Hope you enjoyed the festival season! How often did you use your mobile phone to call your dear ones, sending wishes across, clicking a picture and sharing it immediately – or filming fireworks on your phone? This month, we pay a tribute to ‘Going Mobile’. Contributions span a range of ways in which the mobile phone plays such a large presence in our lives. Look out for heartwarming fiction and quirky poetry besides our usual dose of non-fiction. We hope you enjoy this issue!
Parth Pandya captures the various ways in which mobile phones feature in our lives, through haikus.
Archita Suryanarayanan spots a child doing up a drawing on his mother’s smartphone.The incident prompts her to mull over how mobile phones draw people more and more into a virtual world particularly with their technological excellence. She writes down her thoughts in a piece of non-fiction.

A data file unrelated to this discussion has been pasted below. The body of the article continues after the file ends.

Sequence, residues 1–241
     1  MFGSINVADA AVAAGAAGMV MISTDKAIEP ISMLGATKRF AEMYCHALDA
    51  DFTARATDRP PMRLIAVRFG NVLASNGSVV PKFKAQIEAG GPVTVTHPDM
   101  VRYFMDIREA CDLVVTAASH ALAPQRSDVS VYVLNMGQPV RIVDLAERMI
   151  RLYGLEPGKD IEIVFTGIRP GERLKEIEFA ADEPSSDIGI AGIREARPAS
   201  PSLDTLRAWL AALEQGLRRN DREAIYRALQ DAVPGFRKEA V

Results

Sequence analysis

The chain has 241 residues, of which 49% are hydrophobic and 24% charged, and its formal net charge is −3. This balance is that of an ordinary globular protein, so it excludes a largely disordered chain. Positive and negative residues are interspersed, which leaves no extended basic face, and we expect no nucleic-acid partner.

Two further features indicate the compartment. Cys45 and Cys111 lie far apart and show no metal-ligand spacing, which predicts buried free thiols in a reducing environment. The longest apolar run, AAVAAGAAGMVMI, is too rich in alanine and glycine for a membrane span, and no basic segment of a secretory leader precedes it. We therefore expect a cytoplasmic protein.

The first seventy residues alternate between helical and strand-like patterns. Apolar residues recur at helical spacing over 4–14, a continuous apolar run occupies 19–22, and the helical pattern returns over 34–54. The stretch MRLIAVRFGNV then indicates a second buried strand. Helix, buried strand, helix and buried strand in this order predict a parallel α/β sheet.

Vani Viswanathan captures four different moods from using mobile phones, through four byte-sized stories.
Youngsters today are highly addicted to their mobile phones – so much so that they have cocooned themselves into a virtual world. Cell phones have grown to be their extended selves. Pranusha Kulkarni’s poem is a parody on how addicted they have become to this millennial gadget.
Ammu, married only six months to Manoj, who lives in another country, longs to know him better. The muted conversations they have on the phone as his parents sit listening around her aren’t helping. A mobile phone comes to the rescue. Sudha Nair tells us how.
Meera and Siddharth are reeling from the sting of their first fight. They stare at their mobile phones, aching for the other’s call. And then a call arrives… Anupama Viswanathan tells the story.
THE LOUNGE | TURN OF THE PAGE Vinita Agrawal reviews Blitzkrieg, a “mesmerising presentation of art” that goes beyond being a collection of poems.